China considering reforms to labor 're-education' law

[JURIST] The Chinese parliament will consider amending a law allowing the state to send criminal suspects to labor camps without a trial during the National People's Congress (NPC) [official website, in Chinese] scheduled for next week, the China Daily reported Thursday. The system, called "re-education through labor," or "laojiao" [HRW backgrounder], currently allows the police to send those suspected of committing petty crimes, such as theft, prostitution, and illegal drug use, to jail for up to four years. Judicial review is only granted after time has been served at the jail. The changes being considered next week would limit incarceration to less than 18 months and make judicial review more lenient. The camps would be called "correctional centers," instead of "re-education centers."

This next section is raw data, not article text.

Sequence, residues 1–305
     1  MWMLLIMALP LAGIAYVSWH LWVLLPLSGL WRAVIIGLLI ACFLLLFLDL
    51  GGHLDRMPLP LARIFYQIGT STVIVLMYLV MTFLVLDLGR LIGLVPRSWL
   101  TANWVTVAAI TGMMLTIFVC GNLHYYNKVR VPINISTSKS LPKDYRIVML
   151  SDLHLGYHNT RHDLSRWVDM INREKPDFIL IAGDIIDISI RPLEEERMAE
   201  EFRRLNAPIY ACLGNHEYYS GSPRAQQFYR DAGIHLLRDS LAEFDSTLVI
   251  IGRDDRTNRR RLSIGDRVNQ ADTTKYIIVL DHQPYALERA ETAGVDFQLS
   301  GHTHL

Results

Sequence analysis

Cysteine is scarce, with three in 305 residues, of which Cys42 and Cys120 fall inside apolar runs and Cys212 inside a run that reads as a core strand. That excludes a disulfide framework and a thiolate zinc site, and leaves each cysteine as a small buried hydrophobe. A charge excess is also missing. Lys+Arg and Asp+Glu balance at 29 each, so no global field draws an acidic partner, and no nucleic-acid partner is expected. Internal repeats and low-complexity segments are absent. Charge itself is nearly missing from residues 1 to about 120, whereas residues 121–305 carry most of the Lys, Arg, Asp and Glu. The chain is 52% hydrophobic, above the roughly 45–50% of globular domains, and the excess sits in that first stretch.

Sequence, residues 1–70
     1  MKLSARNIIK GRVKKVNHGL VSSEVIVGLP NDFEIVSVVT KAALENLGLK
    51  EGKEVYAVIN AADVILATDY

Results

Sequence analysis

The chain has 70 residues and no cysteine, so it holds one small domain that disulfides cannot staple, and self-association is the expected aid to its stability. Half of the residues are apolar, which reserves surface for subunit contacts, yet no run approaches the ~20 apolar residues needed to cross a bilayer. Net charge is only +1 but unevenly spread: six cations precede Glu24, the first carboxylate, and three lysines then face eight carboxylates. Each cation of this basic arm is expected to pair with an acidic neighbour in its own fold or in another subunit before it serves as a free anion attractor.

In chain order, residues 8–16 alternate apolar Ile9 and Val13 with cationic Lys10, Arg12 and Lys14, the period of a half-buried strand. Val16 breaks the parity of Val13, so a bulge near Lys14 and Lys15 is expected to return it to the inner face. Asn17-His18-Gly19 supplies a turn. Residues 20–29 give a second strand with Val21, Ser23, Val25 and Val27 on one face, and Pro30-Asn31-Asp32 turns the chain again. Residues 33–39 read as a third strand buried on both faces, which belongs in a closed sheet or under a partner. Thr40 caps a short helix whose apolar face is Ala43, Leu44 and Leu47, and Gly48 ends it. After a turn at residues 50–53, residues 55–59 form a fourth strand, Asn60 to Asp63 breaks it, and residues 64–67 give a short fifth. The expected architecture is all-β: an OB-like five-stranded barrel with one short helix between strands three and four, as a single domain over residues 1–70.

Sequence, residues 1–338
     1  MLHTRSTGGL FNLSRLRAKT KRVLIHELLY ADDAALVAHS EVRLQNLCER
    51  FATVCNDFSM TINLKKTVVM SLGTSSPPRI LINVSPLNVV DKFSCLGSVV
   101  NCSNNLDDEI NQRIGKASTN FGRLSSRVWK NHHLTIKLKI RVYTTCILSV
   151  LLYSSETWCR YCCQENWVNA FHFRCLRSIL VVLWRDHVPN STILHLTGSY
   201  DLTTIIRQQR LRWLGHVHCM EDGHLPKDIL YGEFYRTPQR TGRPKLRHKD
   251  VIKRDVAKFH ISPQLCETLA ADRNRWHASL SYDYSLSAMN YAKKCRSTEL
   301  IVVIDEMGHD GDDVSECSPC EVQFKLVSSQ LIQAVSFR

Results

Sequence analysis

Since its inception in 1957, laojiao has detained as many as 400,000 criminals. Critics say the government uses the system to detain political and religious activists. The reform being considered next week was initially added to the NPC agenda in 2005 [HRIC brief, PDF], but was postponed for two years due to disagreements about its terms. In 2005, Human Rights in China (HRIC) [advocacy website] said the reform would be a major improvement but still called for the complete eradication of the entire system. Among 20 other items on next week's agenda are proposed amendments to laws involving education, corporate tax, and property rights. BBC News has more. The China Daily has local coverage.

 

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